Bounty Shag Leucocarbo ranfurlyi


Justification of Red List Category
This species is classified as Vulnerable because it has a very small population and breeding range, rendering it susceptible to stochastic events and human impacts. If population fluctuations are shown to be extreme, or if there is any population decline, it may warrant uplisting to a higher threat category.

Population justification
In February 2013, the first bird count including an entire circumnavigation of the Bounty Islands group was carried out. The mean count of Bounty Island shags on land was 1,386.5 ± 75.5 birds (SD, range 1311-1462; roughly equivalent to 874-975 mature individuals) and 150 birds were also seen swimming or flying in the area.

Trend justification
Boat-based surveys conducted in 2011 suggest that numbers were similar to those counted in 2005 (J. Hiscock in litt. 2012), probably indicating that the population is stable overall.

Distribution and population

Phalacrocorax ranfurlyi is restricted to the Bounty Islands, New Zealand. In 1978, 569 pairs were observed on 11 islands (Robertson and van Tets 1982). In 1997, a repeat census was attempted, but proved very difficult because it was not possible to land on the islands. However, colonies were noted on 13 islands, and 120 nests and 368 birds were counted (A. M. Booth in litt 1998). The islands were surveyed again from land in 2005, when 618 individuals were counted (R. Hitchmough in litt. 2005). In 2011, 393 nests were reported (Amey 2012). However, all of these counts covered only parts of the Island group. Although it is not known whether differences in the estimates are due to differing survey methods, differences in peak breeding times between years or a true change in numbers, a comparison with other species surveyed at the same time suggests that they show genuine trends (Taylor 2000, R. Hitchmough in litt. 2005). Surveys in 2011 suggest that the overall population has remained stable since 2005 (J. Hiscock in litt. 2012). In February 2013, the first bird count including an entire circumnavigation of the Bounty Islands group was carried out. The mean count of Bounty Island shags on land was 1,386.5 ± 75.5 birds (SD, range 1311-1462) and 150 birds were also seen swimming or flying in the area. Previous counts of individual birds (not nest counts) were undertaken in November and recorded 366 birds in 1997, 428 birds in 1998, 633 birds in 2004 and 304 birds in 2008 (Robertson and van Tets 1982; De Roy and Amey 2004; Clark et al. 1998; Russ and Terauds 2008). The population is likely to fluctuate markedly as a result of the effects of weather conditions on feeding (A. J. D. Tennyson in litt. 1994). The species's foraging range is assumed to be up to 24 km offshore (cf. New Zealand King Shag P. carunculatus).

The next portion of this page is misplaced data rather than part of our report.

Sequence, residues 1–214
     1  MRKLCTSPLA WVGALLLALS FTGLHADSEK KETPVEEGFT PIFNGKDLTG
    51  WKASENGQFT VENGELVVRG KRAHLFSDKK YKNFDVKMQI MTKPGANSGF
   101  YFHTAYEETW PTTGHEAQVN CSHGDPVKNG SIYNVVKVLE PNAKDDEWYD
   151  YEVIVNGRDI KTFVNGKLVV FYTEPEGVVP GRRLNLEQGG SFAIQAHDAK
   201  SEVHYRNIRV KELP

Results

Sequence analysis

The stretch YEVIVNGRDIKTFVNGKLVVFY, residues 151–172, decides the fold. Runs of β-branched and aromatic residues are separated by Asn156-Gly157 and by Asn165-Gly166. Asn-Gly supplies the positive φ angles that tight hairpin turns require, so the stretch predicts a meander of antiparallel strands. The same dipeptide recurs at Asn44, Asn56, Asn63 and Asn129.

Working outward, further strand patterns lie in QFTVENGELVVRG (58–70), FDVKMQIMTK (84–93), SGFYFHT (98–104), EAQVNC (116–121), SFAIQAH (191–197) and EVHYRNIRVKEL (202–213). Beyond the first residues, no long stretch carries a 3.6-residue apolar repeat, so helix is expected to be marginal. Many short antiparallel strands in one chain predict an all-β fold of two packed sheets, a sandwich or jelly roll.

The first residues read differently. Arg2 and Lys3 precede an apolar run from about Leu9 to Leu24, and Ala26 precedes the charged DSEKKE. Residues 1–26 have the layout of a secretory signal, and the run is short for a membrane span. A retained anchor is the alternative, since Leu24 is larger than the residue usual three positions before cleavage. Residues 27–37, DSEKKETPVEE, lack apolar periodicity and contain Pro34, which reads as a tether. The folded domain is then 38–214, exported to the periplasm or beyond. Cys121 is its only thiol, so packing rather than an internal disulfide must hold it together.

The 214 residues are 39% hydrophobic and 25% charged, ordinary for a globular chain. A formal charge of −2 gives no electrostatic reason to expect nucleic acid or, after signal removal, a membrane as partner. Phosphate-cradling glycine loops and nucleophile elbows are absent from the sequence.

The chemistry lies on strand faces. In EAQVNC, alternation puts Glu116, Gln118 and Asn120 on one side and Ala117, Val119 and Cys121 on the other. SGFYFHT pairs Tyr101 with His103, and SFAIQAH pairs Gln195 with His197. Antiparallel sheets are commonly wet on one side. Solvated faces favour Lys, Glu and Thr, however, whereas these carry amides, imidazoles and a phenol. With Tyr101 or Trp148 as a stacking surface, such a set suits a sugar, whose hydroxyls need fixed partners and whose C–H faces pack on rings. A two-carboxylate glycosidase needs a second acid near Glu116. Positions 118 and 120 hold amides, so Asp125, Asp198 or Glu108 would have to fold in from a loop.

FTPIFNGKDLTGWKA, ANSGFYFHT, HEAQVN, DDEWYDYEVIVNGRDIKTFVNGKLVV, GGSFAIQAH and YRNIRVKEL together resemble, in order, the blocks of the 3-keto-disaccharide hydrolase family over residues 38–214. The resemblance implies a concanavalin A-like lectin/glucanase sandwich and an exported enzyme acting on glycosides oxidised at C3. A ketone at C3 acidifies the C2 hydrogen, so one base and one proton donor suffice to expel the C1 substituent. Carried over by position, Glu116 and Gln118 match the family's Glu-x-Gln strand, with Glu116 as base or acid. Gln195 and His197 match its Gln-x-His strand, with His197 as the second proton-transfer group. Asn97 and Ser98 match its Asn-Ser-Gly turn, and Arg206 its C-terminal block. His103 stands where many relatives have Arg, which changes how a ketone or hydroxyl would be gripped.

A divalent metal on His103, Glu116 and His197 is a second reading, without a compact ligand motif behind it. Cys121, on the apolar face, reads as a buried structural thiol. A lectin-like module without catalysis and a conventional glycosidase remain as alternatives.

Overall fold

It breeds mostly on narrow cliff-side ledges, with nests often as little as 1 m apart (Robertson and van Tets 1982, Heather and Robertson 1997). It feeds on fish, snails, squid, isopods and crabs (Robertson and van Tets 1982).


Sea level rise and other weather anomalies associated with climate change is a factor potentially threatening the whole population. Estimates specific to New Zealand calculated a rate of sea-level rise of 2.8 ± 0.5 mm yr-1 during the 20th century (supported by time-gauge records of 2.1 ± 0.1 mm yr-1 between 1924 and 2001) which is significantly faster than the rates reconstructed for the preceding four centuries (Gehrels et al. 2008), with 31% of the species was classified with medium-high risk of exposure to coastal flooding (Spatz et al. 2017). With a greatly restricted range, covering relatively low-lying islands, this species is particularly susceptible to climate change through sea-level rise and climatic shifts.

Nesting sites may be restricted by large numbers of fur seal Arctocephalus forsteri. A survey in January 1994 estimated the presence of at least 21,500 fur seals, occupying over 50% of the available land area (Taylor 1996, Baird 2011).

So far, the Bounty Islands have been free of introduced mammals (Taylor 2000) but invasive species could pose a serious threat if introduced. Pest quarantine measures are needed to prevent new animal and plant pest species reaching the Bounty Islands.

Conservation actions

Conservation Actions Underway
The Bounty Islands are nature reserves and are free of introduced predators. In 1998, they were declared part of a World Heritage Site.

Conservation Actions Proposed
Complete a full census of all colonies every 10 years, including a census of nest-sites and breeding pairs (A. D. Roberts in litt. 1999, Taylor 2000). Turn the World Heritage Site territorial sea (out to 12 nautical miles) into a marine reserve and restrict all fishing (B. Weeber in litt. 2000).


71 cm. Large, black-and-white cormorant. Black head, hind neck, lower back, rump, uppertail-coverts, all with metallic blue sheen. White underparts. Pink feet. White patches on wings appear as bar when folded. Caruncles absent. Voice Male makes call during displays only.


Text account compilers
Taylor, J., Mahood, S., Fjagesund, T., Martin, R., Benstead, P., McClellan, R., Miller, E., Moreno, R., Pilgrim, J.

Taylor, G.A., Roberts, A., Tennyson, A., Moore, P., Weeber, B., Booth, A., Hiscock, J., Kennedy, M.

Recommended citation
BirdLife International (2019) Species factsheet: Leucocarbo ranfurlyi. Downloaded from on 19/10/2019. Recommended citation for factsheets for more than one species: BirdLife International (2019) IUCN Red List for birds. Downloaded from on 19/10/2019.